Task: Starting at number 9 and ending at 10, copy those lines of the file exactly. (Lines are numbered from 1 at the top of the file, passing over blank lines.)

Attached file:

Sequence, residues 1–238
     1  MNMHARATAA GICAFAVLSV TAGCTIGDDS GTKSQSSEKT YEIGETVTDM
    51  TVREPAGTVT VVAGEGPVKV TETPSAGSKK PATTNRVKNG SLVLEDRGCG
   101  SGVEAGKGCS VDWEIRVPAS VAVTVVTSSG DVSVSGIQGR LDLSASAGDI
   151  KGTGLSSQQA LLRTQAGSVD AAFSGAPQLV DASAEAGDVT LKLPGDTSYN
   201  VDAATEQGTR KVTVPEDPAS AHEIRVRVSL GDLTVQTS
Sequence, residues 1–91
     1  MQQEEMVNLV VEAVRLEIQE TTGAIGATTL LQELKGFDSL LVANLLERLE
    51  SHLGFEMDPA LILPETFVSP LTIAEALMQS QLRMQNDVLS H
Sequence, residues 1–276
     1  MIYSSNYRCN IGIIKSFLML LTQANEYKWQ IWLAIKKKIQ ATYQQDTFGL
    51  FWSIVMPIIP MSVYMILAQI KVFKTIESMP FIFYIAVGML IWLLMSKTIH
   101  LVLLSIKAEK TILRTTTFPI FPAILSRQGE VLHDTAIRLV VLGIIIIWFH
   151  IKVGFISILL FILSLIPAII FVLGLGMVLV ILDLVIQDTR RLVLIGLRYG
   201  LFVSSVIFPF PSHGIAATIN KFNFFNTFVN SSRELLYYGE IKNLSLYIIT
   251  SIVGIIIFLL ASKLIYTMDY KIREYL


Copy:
    51  SHLGFEMDPA LILPETFVSP LTIAEALMQS QLRMQNDVLS H
Sequence, residues 1–276